The resolution of the UN Security Council (UNSC), which was railroaded for adoption by the U.S. in the 1950s, stipulates that all the forces provided to south Korea should be under the control of the "UN Command" under the U.S. Together with this, the U.S. moved further in depriving the south Korean authorities of the right to operational command in the name of "UN Command" according to the July 1950 "Taejon Agreement". Such being the case, if the "UN Command" is to revive its function now, that would be as good as reestablishing the U.S. right to control over the south Korean puppet army.

When the U.S. began to discuss the issue of returning the right to wartime operational command with south Korea in March 2006, the U.S. commander in south Korea, at a hearing to the U.S. Senate Armed Services Committee, made an assertion that the "UN Command" should increase its role and be turned into a "multinational forces command" in such a way as to allow the member states of the "UN Command" to participate in its detailed activities, let alone the fact they are involved in mapping out the wartime operational plans.

Following this, the U.S. made its gradual move to increase the scale and frequency of the joint military drills in and around south Korea and saw to it that the operational players from the member states of the "UN Command" be involved in such drills, adapting them to the operational skills of the joint military drills led by the U.S.

The U.S. and south Korea held the 44th annual security meeting in Washington in October 2012 and issued a joint statement in which it "reaffirmed that the 'UN Command' is indispensable for maintaining peace and stability on the Korean Peninsula."

This shows that the U.S. had already forced the south Korean authorities to accept its scheme to revive the "UN Command".

It is also on a step-by-step basis that preparations have been under way to expand the operational sphere of the "UN Command" to the whole of the Asia-Pacific region.

The U.S. troops in south Korea, the mainstay of the "UN Command", have already been afforded the "strategic flexibility" so that they could provide support in case of emergencies in other parts of East Asia. Recently, the plan is actively under review to revolve the deployment of the U.S. marine forces to the Philippines and south Korea which are due to be present in Australia on a new basis.

If any move is allowed to establish a collective military bloc in the Asia-Pacific region, this would inevitably trigger off a countervailing force from other countries which are placed under the target of this bloc. If this is the case, it is par for the course that this region, too, would plunge into a theater to take sides with as in Europe with the revival of the Cold War and increased danger of a thermo nuclear war beyond any measure. Under this worst case of scenario, it is none other than south Korea that would suffer most.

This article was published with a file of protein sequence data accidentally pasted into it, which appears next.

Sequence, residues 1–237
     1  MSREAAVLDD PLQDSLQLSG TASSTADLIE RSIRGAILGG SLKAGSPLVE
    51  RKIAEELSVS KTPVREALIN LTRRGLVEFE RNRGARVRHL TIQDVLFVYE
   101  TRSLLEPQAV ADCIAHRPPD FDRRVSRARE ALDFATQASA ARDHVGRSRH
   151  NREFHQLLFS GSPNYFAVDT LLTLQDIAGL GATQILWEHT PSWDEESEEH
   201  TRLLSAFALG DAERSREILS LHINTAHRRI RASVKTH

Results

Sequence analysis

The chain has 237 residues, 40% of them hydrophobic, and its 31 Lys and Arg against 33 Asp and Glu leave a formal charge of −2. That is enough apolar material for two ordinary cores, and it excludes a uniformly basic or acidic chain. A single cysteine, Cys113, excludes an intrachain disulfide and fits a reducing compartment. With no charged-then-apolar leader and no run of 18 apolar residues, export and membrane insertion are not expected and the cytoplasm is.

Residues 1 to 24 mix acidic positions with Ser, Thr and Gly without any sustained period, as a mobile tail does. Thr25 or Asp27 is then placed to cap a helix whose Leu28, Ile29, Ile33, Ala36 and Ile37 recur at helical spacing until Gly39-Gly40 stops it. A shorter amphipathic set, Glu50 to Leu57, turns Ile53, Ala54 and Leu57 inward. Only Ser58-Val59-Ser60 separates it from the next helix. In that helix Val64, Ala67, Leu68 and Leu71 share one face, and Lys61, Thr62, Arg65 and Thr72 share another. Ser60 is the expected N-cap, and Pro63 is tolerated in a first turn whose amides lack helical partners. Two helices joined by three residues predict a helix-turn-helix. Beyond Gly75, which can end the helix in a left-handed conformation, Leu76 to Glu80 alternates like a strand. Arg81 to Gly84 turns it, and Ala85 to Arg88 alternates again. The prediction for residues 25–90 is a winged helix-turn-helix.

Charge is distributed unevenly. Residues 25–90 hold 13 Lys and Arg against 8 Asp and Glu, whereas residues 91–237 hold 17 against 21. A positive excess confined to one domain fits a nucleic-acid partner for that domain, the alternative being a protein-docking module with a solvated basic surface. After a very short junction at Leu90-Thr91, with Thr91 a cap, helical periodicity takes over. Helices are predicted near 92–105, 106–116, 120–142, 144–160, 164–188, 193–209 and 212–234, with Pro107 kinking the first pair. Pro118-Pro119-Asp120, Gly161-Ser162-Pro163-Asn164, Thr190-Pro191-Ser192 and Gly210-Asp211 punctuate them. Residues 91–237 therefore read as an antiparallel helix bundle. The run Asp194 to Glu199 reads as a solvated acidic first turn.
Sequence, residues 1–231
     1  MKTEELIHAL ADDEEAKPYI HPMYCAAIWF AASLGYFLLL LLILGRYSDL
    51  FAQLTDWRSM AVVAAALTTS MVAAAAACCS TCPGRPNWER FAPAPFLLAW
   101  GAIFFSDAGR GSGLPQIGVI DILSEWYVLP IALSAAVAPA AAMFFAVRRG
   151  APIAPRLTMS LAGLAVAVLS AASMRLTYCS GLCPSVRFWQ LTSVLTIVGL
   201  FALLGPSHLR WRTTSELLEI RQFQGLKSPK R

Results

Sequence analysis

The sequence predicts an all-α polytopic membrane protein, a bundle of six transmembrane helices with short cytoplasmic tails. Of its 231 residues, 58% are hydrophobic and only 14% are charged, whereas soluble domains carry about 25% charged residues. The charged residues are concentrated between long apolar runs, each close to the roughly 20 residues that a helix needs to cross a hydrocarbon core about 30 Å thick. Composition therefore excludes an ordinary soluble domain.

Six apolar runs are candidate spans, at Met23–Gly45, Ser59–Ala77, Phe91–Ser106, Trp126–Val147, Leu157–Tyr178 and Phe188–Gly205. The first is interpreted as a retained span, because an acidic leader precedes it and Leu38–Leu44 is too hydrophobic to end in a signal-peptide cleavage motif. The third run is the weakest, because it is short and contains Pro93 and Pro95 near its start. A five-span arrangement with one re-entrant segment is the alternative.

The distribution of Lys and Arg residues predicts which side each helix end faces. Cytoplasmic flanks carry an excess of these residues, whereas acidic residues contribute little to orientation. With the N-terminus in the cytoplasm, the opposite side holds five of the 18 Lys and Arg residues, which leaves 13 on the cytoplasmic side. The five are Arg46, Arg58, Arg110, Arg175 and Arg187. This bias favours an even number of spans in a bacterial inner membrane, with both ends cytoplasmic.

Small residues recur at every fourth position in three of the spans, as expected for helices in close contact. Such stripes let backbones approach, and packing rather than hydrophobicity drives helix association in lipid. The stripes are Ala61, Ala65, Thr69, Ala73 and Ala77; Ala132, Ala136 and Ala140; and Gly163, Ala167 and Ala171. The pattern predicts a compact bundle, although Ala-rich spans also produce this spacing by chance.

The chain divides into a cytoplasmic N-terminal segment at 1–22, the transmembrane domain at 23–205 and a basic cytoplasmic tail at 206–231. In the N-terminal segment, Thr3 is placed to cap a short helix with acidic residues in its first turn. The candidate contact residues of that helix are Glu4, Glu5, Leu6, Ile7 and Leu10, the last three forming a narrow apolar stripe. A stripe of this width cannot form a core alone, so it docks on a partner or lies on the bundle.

The "UN Command" is primarily an unjust tool which only misused the name of the UN. All this bears no relation with the consensus of the UN member states.

According to Article 27 of the UN Charter, the important decisions of the UNSC shall be made by an affirmative vote of more than seven member states (at that time) including the concurring votes of all five permanent member states. This means even if the U.S. scraped the bottom of the barrel in collecting seven satellite states, it was not possible to make any decision against the DPRK when one of the permanent member states did not agree on it.

The situation was that the former Soviet Union, which held its seat at the UNSC, was not attending the Council meetings from January 13, 1950 in protest against the exercise of the representative right in the UN by the Taiwanese authorities, not by the People's Republic of China.

The U.S. took this occasion as a momentum in instigating the traitor Syngman Rhee to launch out a preemptive all-out armed invasion against the DPRK on June 25, 1950. On that same day, the U.S. did not lose the time in convening the meeting of the UNSC where it had adopted a resolution branding the DPRK as an "aggressor". [UNSC Resolution 82(1950)

The government of the Soviet Union responded to this by sending telegrams to the UNSC on June 29 and July 6, 1950. In those messages, it emphasized that those resolutions cannot go into effect as those were adopted by its permanent member states against the UN Charter without the consents of the Soviet Union and the People's Republic of China, permanent members of the UNSC.

Despite this, the U.S. convened the meeting on July 7 in the absence of the Soviet Union again. At that meeting, it cooked up a resolution allowing UN member states to dispatch forces to Korean War and place those forces under the control of "'the Unified Command' under the authority of the U.S." and giving a free rein to that Command to "use the UN flag". [UNSC Resolution 84(1950)]

The U.S. submitted a report of this Command to the UNSC on July 25, 1950 where it had freely changed the name of the "Unified Command" into the "UN Command".